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Report: Feds didn’t restore Delphi pensions because retirees had ‘no leverage’


The Treasury Department opted not to restore the pensions of salaried Delphi retirees during the General Motors’ 2009 bankruptcy process because they had “no leverage” to hold up GM’s bankruptcy while union retirees did, according to a government watchdog report released Thursday.

The report, by the Office of the Special Inspector General for the Troubled Asset Relief Program, found that while Treasury showed little interest in restoring pensions for salaried employees, it pushed GM to restore the pensions of United Auto Worker retirees in hopes of emerging from bankruptcy within an aggressively short 40-day period without risking a strike or other delay.

The 57-page report, which offered no recommendations, found that the four-member “Auto Team” – a group of Treasury officials tasked with guiding GM through its restructuring after the federal government loaned the company $13.4 billion – “was supposed to be advisory in nature, but often was not. Because Treasury became GM’s only lender and later its largest investor, the Treasury Department had “significant leverage and influence on GM’s decisions leading up to and through the bankruptcy,” the report found.

One GM official summed it up in the report: “Ultimately it was that GM is not in control. And GM is totally dependent.”

The report found that GM had little say in whether they could continue to authorize benefits for the salaried retirees, and needed Treasury’s consent to offer such benefits. Steven Rattner, leader of the Auto Team, told the inspector general that at one point GM approached the Auto Team because it wanted to help the salaried employees. Rattner ultimately told the inspector general that “there was nothing defensible from a commercial standpoint that could be done for Delphi salaried retirees.”

“That’s not to say that people didn’t lose a lot or (were) hurt or were treated in a way that – sort of in a human way that you would say that’s unfair,” said Ron Bloom, another member of the Auto Team. “I don’t think anybody thinks bankruptcy is fair. It is what it is, though.”

Treasury estimated that salaried retirees would lose about $440 million in pension benefits in the bankruptcy process. The cost of restoring those benefits would be an equivalent amount.

“We felt bad,” Rattner told the inspector general, “but we didn’t think it was justifiable.”

The 2008 and 2009 process occurred after the U.S. auto industry lost 50 percent of its sales volume and more than 400,000 jobs, When it became apparent that GM might file for bankruptcy, Treasury provided GM with a $13.4 billion loan, and President Obama convened a task force aimed at evaluating auto companies’ restructuring plans and negotiating the terms of any further assistance. Delphi, which was part of GM until it spun off from the larger company in 1999 but which has remained a key supplier to the auto company, was part of the negotiations, in part . While Treasury originally attempted to be relatively hands-off, GM’s initial reluctance to declare bankruptcy ultimately spurred them to become more involved.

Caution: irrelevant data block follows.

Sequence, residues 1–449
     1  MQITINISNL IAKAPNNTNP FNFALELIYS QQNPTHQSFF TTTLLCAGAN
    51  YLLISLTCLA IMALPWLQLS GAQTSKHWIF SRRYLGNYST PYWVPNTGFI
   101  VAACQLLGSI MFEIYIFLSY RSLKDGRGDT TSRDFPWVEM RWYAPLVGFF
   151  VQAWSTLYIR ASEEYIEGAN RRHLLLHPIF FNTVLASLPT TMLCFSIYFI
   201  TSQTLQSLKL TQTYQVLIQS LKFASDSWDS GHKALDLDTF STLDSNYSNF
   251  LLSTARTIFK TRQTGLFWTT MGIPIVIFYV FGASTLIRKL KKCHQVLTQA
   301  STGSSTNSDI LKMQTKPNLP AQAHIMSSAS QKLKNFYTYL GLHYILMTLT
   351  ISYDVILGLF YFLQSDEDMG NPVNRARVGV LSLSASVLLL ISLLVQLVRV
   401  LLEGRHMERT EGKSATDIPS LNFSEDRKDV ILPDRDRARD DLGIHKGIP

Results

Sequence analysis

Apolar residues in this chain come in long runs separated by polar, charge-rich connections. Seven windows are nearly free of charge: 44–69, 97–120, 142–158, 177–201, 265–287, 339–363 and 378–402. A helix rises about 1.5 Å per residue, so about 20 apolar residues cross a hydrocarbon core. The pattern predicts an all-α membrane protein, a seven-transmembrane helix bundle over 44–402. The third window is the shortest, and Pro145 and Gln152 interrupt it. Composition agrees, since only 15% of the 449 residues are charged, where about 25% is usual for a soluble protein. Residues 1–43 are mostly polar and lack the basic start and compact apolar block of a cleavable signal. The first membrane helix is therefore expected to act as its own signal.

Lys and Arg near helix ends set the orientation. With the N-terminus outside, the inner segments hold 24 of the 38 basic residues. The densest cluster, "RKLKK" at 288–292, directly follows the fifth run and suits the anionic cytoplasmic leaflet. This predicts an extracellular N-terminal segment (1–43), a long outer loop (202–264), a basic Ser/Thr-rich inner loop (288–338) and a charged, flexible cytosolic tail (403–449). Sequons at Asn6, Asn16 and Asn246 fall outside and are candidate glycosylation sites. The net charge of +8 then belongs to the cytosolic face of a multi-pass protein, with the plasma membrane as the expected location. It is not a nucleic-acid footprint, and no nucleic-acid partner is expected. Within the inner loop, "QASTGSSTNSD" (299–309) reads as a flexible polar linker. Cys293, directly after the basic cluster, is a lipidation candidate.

“GM realized that there was no other available source of money,” one Auto Team official told the inspector general.

At one point, according to the inspector general, President Obama became involved, asking his advisors for more information. Larry Summers, head of the National Economic Council, prepared a briefing memo to Obama. “There was no further action,” the report said.

Still, the issue became a source of contention in the 2012 presidential election, with both Obama’s campaign and GOP nominee Mitt Romney’s campaign exchanging attacks on the issue.

In all, the 2009 auto bailout cost the federal government more than $20 billion. In December 2011, Rattner acknowledged that Treasury may have overpaid. “We put more cash into GM than we probably needed to – and we knew this,” he told the Detroit News. “It’s part of why GM is so well-capitalized today.”

The GM bankruptcy initially resulted in other, smaller unions – including the International Union of Electronic, Electrical, Salaried, Machine and Furniture Workers and the United Steel Workers – seeing their pensions cut as well “because those unions did not have leverage.” But GM later decided to top up the smaller unions’ pensions at an estimated cost of $350 million because they had some leverage to prolong Delphi’s bankruptcy or strike, “which GM believed would significantly impact its ability to survive.”

Rep. Mike Turner, R-Dayton, who requested the inspector general’s report, said the report “discredits” the administration’s assertion that it did not influence the bankruptcy process.

“The administration thwarted the bankruptcy process for a politically expedient outcome,” he said. “What we have here is Treasury stepping in and perverting the process of the bankruptcy court, using their influence to make certain that the outcome was politically desirable to the administration and the Delphi salaried retirees losing their pensions. That’s enough for us to continue to push on the congressional side for a resolution to this.”


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